July 14, 2021 / 06:42 PM / By Fitch Ratings / Header Image Credit: Kapital Afrik
Sukuk supply is expected to rise in the second half of 2021 after it showed strong growth during 2Q21, supported by strong investor appetite and issuers' refinancing and funding diversification needs, Fitch Ratings says. Seasonal patterns will affect quarterly sukuk issuance which, following the summer break, is expected to pick up in the remainder of 2021 and beyond.
The sukuk market experienced strong market activity in 2Q21 after a slower 1Q21, driven by big-ticket issuance from the Saudi Arabian Oil Company (the largest corporate sukuk issued to date) and the Indonesian, Turkish and Omani sovereigns. The growth was driven by issuers aiming to diversify their funding and taking advantage of the low interest-rate environment amid continued fiscal deficits and still-challenging economic conditions. Investor demand remains intact due to new sukuk supply scarcity and the global hunt for yield.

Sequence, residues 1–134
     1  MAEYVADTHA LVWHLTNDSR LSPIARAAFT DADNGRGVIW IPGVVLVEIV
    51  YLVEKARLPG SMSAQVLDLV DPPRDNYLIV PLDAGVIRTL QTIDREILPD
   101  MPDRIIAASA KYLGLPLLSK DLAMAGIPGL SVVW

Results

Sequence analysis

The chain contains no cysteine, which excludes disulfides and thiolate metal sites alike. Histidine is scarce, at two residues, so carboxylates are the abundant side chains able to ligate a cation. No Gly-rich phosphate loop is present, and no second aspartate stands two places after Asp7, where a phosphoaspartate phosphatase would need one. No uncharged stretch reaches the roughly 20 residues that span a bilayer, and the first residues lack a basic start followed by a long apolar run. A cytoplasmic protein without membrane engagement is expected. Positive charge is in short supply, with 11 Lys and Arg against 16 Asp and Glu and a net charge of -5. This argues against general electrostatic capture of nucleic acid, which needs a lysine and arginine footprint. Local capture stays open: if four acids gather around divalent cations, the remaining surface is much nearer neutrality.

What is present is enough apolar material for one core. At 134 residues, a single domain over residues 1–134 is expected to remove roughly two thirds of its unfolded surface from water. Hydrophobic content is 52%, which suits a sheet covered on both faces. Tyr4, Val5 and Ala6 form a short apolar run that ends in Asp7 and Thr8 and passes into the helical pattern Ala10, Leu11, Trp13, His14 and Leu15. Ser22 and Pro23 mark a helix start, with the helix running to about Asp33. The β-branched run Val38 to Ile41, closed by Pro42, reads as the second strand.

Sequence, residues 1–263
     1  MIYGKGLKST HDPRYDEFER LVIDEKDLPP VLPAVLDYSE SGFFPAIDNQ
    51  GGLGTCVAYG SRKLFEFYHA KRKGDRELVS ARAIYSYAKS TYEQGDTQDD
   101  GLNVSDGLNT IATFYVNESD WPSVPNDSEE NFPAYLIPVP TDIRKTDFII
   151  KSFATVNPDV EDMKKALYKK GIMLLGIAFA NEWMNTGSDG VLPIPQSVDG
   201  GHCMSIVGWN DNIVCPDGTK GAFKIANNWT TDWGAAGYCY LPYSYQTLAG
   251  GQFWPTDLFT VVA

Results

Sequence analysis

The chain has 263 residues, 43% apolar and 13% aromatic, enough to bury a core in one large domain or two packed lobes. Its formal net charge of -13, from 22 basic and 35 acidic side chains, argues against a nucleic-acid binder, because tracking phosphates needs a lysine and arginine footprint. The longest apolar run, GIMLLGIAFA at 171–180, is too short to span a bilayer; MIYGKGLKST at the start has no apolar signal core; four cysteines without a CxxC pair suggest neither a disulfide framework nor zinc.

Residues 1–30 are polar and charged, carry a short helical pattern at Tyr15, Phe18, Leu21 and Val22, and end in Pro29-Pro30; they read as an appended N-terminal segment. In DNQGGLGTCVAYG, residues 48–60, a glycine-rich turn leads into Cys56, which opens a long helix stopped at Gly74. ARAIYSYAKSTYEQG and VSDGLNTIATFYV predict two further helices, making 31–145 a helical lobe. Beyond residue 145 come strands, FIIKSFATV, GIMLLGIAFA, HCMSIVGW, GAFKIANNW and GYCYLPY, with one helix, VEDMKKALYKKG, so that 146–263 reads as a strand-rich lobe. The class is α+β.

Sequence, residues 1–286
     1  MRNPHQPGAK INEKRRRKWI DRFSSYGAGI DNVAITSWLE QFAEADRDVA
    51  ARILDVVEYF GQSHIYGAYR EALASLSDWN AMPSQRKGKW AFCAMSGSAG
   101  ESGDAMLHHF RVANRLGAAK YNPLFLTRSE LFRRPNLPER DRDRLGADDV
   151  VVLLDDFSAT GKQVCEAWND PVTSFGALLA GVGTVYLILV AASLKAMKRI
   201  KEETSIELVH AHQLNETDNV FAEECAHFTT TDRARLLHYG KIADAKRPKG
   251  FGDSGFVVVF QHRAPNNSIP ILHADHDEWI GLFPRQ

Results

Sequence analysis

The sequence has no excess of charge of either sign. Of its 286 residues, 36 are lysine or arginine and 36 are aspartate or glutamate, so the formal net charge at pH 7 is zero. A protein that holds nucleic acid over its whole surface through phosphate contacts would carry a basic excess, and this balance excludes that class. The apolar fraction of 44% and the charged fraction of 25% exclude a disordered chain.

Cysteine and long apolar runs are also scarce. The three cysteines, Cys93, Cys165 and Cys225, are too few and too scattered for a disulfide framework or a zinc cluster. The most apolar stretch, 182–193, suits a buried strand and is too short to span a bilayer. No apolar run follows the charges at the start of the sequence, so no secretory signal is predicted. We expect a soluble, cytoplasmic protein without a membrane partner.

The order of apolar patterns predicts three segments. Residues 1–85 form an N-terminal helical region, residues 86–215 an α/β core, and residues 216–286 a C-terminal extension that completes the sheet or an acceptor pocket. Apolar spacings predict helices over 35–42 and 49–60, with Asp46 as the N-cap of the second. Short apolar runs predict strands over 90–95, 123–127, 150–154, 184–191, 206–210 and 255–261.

Global outstanding sukuk reached USD754.1 billion in 2Q21 (5% higher than 1Q21). Sukuk issuance with maturities of more than 18 months from the Gulf Cooperation Council region, Malaysia, Indonesia, Turkey and Pakistan rose by 136% qoq to reach USD23.4 billion in 2Q21, with sukuk share in the total funding mix jumping to 36% (1Q21: 15%). The volume of outstanding Fitch-rated sukuk reached USD131 billion, with 80% of issues being investment-grade.
Defaulted sukuk volumes remain small at 0.27% of gross sukuk issued to date, and include the 2021 sukuk default by PT Garuda Indonesia (unrated by Fitch). Legal precedents for effective enforcement are lacking in many sukuk-issuing jurisdictions. More sukuk defaults could emerge due to the economic volatility caused by the coronavirus pandemic and once governments withdraw their financial support.
A number of recent international sukuk issuances contained new clauses and revised terms in the documents to comply with the sharia standards of the Accounting and Auditing Organization for Islamic Financial Institutions (AAOIFI). The changes aim to address the globally sizeable UAE-based sukuk investors, issuers and arrangers that are subject to AAOIFI compliance rules. These changes have credit implications that could affect issuers' liquidity, credit profile and ratings. Further changes may be made in the future to comply with AAOIFI standards, which Fitch will assess.